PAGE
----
It’s amazing how little you can know about a person you take for granted as part of your world. That is, until you lose her.
I spent years watching a little girl grow up, and simply assumed I knew whatever it was that was important to know about a child. That is, until she left us, unexpectedly, at 16.
Deborah Cornell and some of her drawings.
What I did know about Debbie Cornell, what continues to be true is this: Adopted as an infant and biracial, Debbie was raised as a Jew in a loving Ridgewood home. She and her family mother, father, and sister are people we know from synagogue. Our paths crossed continually, and we count them among our many friends in the community. Shabbat mornings were particularly special for Debbie’s mother, Susan Mayo, and me. We brought our daughters to services and allowed them to play afterwards, running through the corridors of Temple Israel during kiddush. My vivid recollection of Debbie is of a chubby-ish toddler, thumb in mouth, clutching a worn white blanket and racing to keep up with the bigger girls. Sometimes a little frustrated if she couldn’t find them or if they excluded her, Debbie was mostly a lively bundle of energy, keenly observant and with a serious expression.
Her older sister, Rebecca, and my youngest, Elizabeth, just a year apart, often continued the Shabbat playdate at one or the other of our homes. When Liz played at the Cornell house, Debbie joined them or tried to, being considered, naturally, the "annoying" baby sister.
A few years later, my two older girls took turns babysitting the Cornell sisters. My daughter, Joanna, recently confided to me that she was afraid she’d be reprimanded when Susan and her husband, Gene, returned home from an evening out to find Debbie still awake. To delay bedtime, Debbie would repeatedly throw her stuffed animals down the stairs, Joanna recalled; Debbue was reluctant to go to sleep before Susan could tuck her in.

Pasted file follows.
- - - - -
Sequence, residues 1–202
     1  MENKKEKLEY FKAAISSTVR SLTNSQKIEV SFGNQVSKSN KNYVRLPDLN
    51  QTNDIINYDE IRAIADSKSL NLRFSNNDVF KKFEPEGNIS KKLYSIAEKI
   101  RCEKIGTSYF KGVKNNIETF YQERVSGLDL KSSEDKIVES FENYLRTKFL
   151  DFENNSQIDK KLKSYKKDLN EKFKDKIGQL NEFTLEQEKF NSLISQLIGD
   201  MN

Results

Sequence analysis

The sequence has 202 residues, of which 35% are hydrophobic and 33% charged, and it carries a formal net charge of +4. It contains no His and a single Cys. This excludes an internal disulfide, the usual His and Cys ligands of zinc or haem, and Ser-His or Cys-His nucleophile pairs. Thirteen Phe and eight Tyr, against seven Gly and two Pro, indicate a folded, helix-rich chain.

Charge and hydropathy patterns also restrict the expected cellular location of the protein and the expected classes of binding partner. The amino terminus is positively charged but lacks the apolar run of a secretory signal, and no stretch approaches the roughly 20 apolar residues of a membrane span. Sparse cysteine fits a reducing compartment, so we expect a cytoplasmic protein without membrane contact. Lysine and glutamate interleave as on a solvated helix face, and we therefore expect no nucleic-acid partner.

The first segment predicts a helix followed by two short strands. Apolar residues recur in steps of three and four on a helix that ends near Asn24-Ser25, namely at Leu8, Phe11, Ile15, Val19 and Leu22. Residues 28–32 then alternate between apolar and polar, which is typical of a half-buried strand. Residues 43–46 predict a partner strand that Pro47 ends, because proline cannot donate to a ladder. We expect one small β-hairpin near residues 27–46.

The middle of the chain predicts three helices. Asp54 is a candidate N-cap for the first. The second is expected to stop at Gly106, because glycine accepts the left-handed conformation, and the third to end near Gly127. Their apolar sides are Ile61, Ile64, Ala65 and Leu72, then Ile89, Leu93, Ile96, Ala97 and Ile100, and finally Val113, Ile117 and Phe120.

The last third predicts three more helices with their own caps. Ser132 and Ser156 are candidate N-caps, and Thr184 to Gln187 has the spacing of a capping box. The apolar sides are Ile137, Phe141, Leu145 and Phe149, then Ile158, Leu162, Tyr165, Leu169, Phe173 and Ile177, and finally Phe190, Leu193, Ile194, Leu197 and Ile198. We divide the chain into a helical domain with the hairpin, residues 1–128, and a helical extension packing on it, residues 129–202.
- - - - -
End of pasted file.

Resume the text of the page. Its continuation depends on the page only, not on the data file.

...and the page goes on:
As time passed, I saw less of the Cornells, with our children entering their separate orbits of friends and activities. I wondered from time to time how Debbie felt about being Jewish and biracial, a minority within a minority. I wondered whether it was going to be easy for her to fit into our largely white community, especially in a competitive, cliquish public high school. She would cope, somehow, I figured, with the inevitable traumas of adolescence and in the process find where she belonged.
Unfortunately, Debbie did not discover a personal comfort zone. Rather, she escaped into drugs to ease her pain and confusion.
But while drugs may have taken Debbie from us, nothing could destroy her vigorous spirit reflected in the haunting poetry and visual imagery she left behind. Eschewing formal instruction, she was completely self-taught.
Like many others who had not seen her in a number of years, I did not know the depth of her brilliance, her sensitivity, her insights, her multifaceted talent. I also learned then that several years ago, Debbie, always with a mind of her own, had renounced her identity as a Jew, declaring herself an atheist. Her parents sought to honor her wishes in choosing to forgo Jewish burial and mourning rites, instead carefully planning a wake and memorial service as a final tribute.
Always supportive, hoping to help her defeat her demons, Debbie’s mom and dad were trying to persuade her to apply to a specialized art program for college. Despite the evident struggle, they were looking ahead with optimism, envisioning that their gifted daughter’s artistry would someday bring her public acclaim.
Although Debbie will never have the opportunity to create new works, to mature as an artist, it is never too late to introduce Debbie Cornell, the writer, the painter, the illustrator, the lyricist. Everyone needs to know and understand who she was, without grieving for what she might have become. She must be appreciated no, celebrated right now, and forever.
Susan, Gene, and Rebecca, may you be comforted among all the mourners of Zion and Jerusalem.